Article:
(University of Helsinki, Finland)
Keywords: fieldwork data, re-evaluation, Middle Ages, history of research, Finland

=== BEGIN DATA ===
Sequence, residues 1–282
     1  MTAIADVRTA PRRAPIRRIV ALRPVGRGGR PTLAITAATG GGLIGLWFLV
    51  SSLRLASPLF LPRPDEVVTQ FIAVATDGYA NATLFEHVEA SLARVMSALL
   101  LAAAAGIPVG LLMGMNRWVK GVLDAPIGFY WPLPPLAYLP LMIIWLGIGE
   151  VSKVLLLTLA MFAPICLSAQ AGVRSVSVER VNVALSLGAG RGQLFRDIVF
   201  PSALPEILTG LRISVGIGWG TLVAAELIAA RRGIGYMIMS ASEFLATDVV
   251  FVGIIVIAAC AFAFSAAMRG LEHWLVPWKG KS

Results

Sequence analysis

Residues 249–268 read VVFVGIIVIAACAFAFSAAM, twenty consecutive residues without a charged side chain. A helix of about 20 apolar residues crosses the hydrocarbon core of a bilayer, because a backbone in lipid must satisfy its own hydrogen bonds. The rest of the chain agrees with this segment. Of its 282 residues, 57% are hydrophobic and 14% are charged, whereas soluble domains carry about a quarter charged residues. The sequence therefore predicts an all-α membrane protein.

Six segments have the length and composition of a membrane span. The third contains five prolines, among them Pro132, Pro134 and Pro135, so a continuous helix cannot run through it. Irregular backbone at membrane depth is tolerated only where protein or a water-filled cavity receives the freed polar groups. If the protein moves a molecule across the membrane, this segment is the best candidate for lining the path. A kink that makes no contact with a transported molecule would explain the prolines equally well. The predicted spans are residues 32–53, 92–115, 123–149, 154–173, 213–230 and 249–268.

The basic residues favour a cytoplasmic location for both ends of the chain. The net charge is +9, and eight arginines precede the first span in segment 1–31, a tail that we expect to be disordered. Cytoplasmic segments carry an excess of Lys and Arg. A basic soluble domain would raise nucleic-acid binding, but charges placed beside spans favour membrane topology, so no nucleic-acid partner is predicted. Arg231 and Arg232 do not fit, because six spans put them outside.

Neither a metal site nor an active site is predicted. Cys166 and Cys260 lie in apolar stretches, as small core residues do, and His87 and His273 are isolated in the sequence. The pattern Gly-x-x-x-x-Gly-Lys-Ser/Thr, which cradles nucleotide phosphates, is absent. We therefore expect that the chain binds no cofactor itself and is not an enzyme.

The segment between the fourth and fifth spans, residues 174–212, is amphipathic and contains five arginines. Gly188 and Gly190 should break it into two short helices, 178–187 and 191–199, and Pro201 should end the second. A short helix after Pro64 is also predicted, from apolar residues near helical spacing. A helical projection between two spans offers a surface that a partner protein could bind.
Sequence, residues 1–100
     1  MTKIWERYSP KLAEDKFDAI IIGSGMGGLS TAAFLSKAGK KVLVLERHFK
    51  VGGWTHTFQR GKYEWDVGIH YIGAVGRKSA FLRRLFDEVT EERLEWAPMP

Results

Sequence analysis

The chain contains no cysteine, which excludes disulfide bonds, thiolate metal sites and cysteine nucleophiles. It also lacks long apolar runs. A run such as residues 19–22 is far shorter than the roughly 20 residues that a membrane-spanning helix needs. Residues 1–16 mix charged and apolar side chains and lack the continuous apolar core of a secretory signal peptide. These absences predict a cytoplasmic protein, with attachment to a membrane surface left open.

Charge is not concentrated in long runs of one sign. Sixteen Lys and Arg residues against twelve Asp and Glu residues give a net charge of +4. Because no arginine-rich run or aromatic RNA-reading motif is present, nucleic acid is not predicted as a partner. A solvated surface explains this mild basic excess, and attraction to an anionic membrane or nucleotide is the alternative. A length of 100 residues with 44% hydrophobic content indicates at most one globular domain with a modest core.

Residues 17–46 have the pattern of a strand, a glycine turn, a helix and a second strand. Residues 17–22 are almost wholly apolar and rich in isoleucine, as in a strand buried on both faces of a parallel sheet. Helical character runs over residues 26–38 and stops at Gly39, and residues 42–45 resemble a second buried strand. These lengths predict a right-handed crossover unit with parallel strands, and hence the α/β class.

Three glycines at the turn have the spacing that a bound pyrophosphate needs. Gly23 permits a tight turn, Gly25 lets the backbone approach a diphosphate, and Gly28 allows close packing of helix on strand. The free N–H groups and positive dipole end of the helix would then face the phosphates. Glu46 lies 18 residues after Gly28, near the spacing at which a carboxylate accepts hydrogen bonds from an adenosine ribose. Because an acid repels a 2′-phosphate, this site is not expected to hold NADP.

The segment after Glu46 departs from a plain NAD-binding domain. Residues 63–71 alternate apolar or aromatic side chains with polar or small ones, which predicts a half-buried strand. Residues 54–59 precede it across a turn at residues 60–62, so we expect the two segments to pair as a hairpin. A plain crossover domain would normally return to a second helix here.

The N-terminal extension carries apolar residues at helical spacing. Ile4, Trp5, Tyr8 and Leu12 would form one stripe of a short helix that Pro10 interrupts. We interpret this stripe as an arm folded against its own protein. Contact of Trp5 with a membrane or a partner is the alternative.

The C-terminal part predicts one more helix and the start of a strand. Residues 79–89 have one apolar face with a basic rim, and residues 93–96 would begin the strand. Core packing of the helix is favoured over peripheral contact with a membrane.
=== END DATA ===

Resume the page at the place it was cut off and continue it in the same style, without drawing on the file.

The quality of old urban excavations can differ enormously from site to site, even if they are close to each other, and their fieldwork is more or less of the same age. In such situations data collection should be as detailed as possible. Yet it is also vital to know the history and aims of the fieldwork, and the contemporary intellectual context as well. This paper examines two sites as case studies. They are situated at a distance of two kilometres in Turku, Southwest Finland. The first site comprises the ruins of a 13th-century cathedral and bishop’s residence enclosed by a dry moat and embankment. Most of the area was excavated in 1898–1902. The second site is a Dominican convent, possibly from the 14th century, covered by the modern city structure. It has been investigated in several phases of fieldwork since 1901. Both sites are fundamental for understanding the urban history of Turku: the cathedral site as the predecessor of Turku, and the convent as one of the main factors influencing the urban development. The two cases show a stark contrast in the quality of fieldwork documentation and artefact preservation. Since they have remained without a synthesising modern study, the sites have become a bottleneck for further archaeological research. In the 2010s a team of archaeologists has begun to re-evaluate the data from the sites. The project has digitised and combined the old excavation maps, and created a digital database of the finds. The results so far have shown that the previous research was incorrect in assuming that the old excavations could not provide any new insights. Moreover, it has become apparent that this work is not only a matter of extracting information, but also of reconstructing the history of the fieldwork in detail.